The Western Australian ophthalmologist who founded Lions Outback Vision, a specialist eye health service for regional and remote communities, has been appointed the inaugural McCusker Director of the service.
Dr Angus Turner, from The University of Western Australia’s Centre for Ophthalmology and Visual Science, will take on the first academic role within the University to specifically focus on reducing high rates of preventable blindness and vision loss in the Indigenous population.
Compared to the broader Australian community, Indigenous people are six times more likely to be blind, 14 more times likely to have diabetes-related blindness and five times more likely to have refractive error.
Dr Turner trained in medicine at UWA and Oxford University and undertook ophthalmology training in Melbourne. He joined the Lions Eye Institute in 2010 and founded Lions Outback Vision in 2012, conducting remote area eye clinics and developing tele-ophthalmology programs to provide specialist medical support in remote areas.
His work establishing Lions Outback Vision, with its mission to eliminate preventable blindness and vision loss in people living in regional and remote Western Australia, was recognised at this year’s 40Under40 awards, with Dr Turner being awarded First Among Equals.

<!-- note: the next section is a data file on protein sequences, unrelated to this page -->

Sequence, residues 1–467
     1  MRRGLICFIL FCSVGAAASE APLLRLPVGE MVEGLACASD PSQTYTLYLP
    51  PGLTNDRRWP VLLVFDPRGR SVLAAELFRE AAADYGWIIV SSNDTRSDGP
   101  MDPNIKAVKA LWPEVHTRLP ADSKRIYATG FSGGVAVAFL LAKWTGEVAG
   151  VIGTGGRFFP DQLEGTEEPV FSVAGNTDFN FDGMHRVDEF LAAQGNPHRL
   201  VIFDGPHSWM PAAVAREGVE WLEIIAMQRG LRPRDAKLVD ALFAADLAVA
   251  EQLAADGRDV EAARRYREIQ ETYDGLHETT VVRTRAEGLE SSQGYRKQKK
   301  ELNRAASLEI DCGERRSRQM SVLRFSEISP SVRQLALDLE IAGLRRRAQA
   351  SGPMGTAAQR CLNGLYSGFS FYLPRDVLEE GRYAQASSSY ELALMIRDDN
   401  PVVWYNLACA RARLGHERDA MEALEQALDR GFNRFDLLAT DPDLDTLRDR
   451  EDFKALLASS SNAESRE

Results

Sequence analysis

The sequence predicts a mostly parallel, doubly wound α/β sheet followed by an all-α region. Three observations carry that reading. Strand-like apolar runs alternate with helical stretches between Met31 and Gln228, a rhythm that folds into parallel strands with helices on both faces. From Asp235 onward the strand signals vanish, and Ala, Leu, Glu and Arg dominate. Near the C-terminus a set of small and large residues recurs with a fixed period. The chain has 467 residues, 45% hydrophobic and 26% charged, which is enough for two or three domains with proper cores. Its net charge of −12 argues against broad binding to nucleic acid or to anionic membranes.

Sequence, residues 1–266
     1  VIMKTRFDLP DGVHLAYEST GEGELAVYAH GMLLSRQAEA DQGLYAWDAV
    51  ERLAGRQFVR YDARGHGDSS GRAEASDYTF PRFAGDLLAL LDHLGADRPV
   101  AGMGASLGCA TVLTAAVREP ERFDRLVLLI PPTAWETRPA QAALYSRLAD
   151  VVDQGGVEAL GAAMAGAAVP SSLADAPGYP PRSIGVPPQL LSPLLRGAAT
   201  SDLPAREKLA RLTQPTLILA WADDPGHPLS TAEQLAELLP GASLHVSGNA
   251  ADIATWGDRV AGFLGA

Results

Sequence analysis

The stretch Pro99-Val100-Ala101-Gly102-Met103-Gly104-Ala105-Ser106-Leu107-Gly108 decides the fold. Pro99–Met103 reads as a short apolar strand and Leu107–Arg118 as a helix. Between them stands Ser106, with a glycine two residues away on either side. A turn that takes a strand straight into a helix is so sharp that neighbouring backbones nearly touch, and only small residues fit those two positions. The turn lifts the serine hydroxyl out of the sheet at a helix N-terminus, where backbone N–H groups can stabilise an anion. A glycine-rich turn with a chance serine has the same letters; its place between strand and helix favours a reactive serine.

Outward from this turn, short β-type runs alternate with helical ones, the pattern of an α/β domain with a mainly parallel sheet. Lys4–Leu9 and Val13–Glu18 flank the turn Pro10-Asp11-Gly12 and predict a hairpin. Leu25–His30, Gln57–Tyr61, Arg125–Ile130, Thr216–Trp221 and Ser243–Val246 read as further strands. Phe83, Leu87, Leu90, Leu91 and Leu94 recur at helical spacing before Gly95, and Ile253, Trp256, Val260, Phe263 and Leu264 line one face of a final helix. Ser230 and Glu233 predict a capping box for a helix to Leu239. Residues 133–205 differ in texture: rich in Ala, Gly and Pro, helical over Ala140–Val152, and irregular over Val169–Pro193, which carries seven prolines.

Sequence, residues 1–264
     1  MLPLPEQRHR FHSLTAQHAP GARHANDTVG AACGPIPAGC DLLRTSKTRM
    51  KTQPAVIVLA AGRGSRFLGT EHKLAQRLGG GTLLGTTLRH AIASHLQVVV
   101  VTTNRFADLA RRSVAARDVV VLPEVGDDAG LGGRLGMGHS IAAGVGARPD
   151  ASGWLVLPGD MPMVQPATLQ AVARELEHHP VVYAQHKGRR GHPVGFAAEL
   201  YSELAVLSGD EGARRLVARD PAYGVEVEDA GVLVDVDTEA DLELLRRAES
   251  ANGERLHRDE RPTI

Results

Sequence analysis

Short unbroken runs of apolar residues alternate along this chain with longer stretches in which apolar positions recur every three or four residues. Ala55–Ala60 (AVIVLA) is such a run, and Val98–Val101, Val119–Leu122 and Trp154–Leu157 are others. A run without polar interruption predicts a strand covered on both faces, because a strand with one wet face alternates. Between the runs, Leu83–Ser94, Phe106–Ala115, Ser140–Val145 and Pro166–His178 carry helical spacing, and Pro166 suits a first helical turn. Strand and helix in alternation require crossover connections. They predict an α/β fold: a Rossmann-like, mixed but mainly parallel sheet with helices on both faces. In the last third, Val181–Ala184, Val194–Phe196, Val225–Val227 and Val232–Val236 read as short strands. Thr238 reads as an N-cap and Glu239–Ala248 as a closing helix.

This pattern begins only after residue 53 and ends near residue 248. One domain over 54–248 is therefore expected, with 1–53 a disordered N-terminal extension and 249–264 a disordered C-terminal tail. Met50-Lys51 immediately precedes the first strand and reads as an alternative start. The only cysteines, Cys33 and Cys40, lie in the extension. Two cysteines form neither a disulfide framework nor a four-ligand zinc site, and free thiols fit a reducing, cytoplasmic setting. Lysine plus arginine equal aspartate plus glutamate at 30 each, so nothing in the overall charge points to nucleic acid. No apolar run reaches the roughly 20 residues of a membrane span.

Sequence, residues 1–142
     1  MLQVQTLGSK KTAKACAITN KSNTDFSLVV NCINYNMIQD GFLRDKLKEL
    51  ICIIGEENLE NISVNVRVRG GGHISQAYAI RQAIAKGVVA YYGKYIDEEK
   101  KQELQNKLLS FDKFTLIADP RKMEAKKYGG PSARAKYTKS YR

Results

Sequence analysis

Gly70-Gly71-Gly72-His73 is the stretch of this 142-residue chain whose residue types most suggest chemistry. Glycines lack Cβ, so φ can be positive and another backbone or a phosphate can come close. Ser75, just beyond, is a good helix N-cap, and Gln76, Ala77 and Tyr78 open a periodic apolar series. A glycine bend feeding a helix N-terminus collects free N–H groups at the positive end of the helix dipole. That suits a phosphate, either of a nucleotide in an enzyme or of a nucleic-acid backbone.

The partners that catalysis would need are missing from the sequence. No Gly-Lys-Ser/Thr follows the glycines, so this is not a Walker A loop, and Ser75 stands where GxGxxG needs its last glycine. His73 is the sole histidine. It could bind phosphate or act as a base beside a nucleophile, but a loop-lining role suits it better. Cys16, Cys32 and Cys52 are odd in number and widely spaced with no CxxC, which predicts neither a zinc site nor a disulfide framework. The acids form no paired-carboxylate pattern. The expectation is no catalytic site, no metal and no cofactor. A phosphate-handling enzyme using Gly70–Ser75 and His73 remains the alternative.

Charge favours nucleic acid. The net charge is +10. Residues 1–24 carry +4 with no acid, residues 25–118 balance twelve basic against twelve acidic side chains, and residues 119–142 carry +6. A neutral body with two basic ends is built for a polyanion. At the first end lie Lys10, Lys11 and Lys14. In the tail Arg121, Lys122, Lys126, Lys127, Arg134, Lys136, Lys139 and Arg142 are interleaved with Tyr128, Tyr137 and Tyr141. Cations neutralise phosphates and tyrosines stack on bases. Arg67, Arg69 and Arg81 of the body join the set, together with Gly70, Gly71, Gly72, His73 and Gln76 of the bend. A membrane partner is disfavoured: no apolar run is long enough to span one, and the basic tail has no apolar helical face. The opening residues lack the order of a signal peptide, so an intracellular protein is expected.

The McCusker Director, Lions Outback Vision role is being funded by a donation from the McCusker Charitable Foundation, through a grant from Telethon and UWA.
Foundation Trustee Malcolm McCusker said the role would provide a platform to bring Indigenous eye health issues to the fore.
“In Angus, we have a wonderful champion for the eye health of Indigenous Australians and someone who is deeply committed to providing specialist ophthalmology treatment to people wherever they live,” he said.
LEI Managing Director Professor David Mackey thanked the McCusker Charitable Foundation, Telethon and UWA for recognising Indigenous eye health was a unique public health challenge that required a specialised focus.
“A key part of the new Director’s role includes advocacy and collaboration with State and Commonwealth agencies, stakeholders and partners to promote improved access to eye health services,” Professor Mackey said.
“The role also includes oversight and provision of academic, teaching, research, clinical and funding/grant activities.
“It builds on the work Dr Turner has done in establishing Lions Outback Vision within the LEI and provides another platform for engaging government, health professionals and the community in turning around the current poor outcomes in Indigenous eye health.”
As part of the new role, Dr Turner will oversee the delivery of eye health care services in rural and remote WA, be responsible for managing and leading all operational and clinical aspects of specialist visits, optometry outreach and diabetic retinal screening programs.
Francesca Robb (Lions Eye Institute) (+61 4) 09 102 556
Jess Reid (UWA Media and PR Officer) (+61 8) 6488 6876